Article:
In the bestiaries of Borges are always to be found some mention, however oblique, of the Tzadikim Nistarim, the sadly named
Lamed Wufniks. The tale goes that they are 36 humans who form an invisible college of virtue. Should one realize his membership, he is immediately gathered up and his place assumed by another living worthy; further, their fate is humanity’s, for should ever the Nistarim cease, history will end in the brimfire of Judgment Day. They are the righteous man for whose sake Sodom is spared; the flooded survivor to whom the divine promise is made; the daily suffering scapegoat for mankind.
Perhaps they are an essentially Judaic retelling of that Buddhist cosmogony in which the universe is every instant created and destroyed exactly alike a billion billion times. Awake to the emptiness of being, an enlightened one accepts this ceaseless pointless churn of reality. But can a Western mind accept this? Rather instead, conjure this melancholic image - cosmic justice for this mundane world eternally frustrated by unwitting virtue.
In my darker moments, a similar pall is cast on the parable and I wonder if it is not what it seems, if perhaps it is a Kafkaesque joke - a subtle disproof of the existence of good. For if it is good for evil to be punished, for justice to be done, then mustn’t even the best of deeds if they frustrate justice be, in the final analysis, ranked as evil itself?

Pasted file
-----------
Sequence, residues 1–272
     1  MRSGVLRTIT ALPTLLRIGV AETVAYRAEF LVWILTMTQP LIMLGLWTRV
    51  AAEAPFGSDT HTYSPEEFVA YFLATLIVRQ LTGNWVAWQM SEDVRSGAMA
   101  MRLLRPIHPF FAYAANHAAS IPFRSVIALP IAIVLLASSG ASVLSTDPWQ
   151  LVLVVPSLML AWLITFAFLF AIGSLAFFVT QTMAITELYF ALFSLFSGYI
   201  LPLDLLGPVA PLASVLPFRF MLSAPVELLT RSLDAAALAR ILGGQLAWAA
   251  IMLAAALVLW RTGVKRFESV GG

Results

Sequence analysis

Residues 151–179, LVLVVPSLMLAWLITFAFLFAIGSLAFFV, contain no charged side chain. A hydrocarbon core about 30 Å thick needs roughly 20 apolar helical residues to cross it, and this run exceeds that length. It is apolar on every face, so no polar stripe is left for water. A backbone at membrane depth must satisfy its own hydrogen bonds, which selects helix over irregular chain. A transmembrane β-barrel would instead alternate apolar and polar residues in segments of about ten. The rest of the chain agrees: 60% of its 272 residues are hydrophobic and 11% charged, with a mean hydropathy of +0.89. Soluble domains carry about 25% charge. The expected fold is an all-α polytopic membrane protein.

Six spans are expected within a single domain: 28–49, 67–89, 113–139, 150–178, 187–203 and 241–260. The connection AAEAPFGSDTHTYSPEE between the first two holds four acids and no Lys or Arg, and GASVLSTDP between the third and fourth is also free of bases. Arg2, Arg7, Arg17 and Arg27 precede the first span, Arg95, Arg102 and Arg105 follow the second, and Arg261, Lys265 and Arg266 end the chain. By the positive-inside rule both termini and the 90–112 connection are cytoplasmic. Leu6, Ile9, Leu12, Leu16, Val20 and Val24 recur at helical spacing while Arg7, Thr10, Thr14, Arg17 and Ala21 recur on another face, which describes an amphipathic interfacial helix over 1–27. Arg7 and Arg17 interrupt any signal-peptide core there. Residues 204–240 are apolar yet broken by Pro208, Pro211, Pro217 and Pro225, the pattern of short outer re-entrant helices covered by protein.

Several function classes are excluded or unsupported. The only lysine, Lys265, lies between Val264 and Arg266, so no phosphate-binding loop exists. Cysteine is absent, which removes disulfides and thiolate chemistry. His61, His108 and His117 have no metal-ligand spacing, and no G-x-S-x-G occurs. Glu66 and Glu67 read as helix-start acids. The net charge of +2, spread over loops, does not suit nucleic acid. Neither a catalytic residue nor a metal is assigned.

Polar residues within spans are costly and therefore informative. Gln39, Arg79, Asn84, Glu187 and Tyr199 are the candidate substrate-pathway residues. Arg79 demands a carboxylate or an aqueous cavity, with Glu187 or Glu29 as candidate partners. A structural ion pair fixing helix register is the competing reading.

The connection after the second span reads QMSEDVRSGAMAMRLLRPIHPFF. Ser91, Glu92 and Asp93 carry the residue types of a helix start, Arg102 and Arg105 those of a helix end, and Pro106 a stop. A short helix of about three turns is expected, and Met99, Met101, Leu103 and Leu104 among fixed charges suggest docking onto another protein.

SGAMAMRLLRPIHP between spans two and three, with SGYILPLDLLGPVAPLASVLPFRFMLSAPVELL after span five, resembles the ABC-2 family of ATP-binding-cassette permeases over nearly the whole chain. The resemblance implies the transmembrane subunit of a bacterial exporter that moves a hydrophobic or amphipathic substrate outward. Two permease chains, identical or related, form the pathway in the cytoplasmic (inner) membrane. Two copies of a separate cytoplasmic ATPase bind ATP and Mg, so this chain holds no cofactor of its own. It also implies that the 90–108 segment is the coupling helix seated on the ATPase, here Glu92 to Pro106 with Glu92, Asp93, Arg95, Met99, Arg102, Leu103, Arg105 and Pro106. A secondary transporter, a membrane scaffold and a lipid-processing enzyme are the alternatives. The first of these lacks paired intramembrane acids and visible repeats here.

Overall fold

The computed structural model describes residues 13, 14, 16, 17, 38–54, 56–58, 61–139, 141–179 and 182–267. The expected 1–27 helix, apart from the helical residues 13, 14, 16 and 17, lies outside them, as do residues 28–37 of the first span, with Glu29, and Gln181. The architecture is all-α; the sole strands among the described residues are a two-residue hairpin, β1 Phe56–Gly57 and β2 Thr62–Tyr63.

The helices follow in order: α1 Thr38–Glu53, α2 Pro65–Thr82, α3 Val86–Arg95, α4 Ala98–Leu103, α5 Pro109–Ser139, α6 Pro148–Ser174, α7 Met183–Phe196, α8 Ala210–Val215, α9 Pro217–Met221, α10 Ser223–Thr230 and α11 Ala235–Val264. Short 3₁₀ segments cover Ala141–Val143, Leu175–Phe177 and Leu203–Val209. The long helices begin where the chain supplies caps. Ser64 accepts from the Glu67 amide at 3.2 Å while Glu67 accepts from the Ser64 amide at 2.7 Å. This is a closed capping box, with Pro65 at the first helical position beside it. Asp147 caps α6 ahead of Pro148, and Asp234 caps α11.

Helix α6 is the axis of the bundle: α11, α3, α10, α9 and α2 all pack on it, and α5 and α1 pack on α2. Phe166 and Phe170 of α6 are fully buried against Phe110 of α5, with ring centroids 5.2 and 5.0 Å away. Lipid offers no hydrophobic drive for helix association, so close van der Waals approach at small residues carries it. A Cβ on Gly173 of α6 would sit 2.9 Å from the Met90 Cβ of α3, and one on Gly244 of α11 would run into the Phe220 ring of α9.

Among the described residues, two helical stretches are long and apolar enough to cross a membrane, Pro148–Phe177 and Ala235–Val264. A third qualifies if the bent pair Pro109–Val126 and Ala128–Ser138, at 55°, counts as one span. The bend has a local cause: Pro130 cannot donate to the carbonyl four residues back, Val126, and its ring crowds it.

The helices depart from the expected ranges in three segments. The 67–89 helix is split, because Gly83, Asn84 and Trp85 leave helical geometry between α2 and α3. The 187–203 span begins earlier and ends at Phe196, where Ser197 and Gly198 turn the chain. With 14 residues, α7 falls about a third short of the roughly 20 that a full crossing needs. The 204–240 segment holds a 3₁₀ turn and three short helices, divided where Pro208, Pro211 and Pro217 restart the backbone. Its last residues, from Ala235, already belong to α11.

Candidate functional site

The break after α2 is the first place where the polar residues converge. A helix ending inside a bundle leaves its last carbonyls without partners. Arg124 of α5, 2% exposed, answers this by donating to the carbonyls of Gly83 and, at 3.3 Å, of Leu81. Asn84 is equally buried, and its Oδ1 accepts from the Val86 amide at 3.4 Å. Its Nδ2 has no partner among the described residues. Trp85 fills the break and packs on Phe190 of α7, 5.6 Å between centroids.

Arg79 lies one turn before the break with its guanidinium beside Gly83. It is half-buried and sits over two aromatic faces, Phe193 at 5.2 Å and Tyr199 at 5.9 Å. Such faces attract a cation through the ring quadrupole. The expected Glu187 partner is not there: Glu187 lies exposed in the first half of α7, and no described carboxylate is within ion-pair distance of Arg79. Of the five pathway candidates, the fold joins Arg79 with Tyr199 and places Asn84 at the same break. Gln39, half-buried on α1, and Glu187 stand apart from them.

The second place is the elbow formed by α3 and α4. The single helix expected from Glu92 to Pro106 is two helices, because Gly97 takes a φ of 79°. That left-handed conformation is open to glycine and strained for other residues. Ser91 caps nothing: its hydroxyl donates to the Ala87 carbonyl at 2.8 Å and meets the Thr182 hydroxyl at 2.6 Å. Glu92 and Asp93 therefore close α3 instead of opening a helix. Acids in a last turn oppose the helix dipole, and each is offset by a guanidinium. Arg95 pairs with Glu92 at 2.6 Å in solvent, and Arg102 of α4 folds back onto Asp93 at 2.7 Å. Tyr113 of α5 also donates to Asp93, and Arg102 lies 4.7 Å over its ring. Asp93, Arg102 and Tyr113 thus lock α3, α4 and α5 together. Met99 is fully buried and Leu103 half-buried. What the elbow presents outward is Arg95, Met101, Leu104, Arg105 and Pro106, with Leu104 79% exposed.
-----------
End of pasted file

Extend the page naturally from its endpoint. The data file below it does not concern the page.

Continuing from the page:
In my lighter moments, I am still troubled. It strikes me as juvenile. It is a commonplace among children that they are performing, always performing for an invisible audience; or that the world exists only as it meets their eyes. These beliefs are akin. What then is more juvenile than the entire cosmos saved from utter perdition by one’s unacknowledged virtue?
I have thought on it, and would like to offer another fable for this secular age - for as the medievals had their saints so should we.
This is it: that at any instant on this globe, there are 36 souls, briefly pure, all engaged in some act, large or small; in the secret record of their lives as recorded by the angels, it will serve as the justification of their lives. So, then, there is a continuity - if not the continuity of the original. My saints are extensive in space, not time. They flicker lambently over the world, membering multitudes. Each is unaware of his true vocation, of the mere moments granted them among the heaps of their lives. But I feel that there is something truly human about living for a genuine and true moment, no matter the brevity.
We go from anticipation to anticipation, and not satisfaction to satisfaction, after all.
What is this act? I do not know. The ways of heaven are not the ways of men; their judgments are not ours. But this is how I like to think: It is a man and a tank; Williams at the Hall; a child flying a kite. It is Oppenheimer at Trinity; St. Francis on a hill; Einstein in the wind.
It is Simon carrying the cross.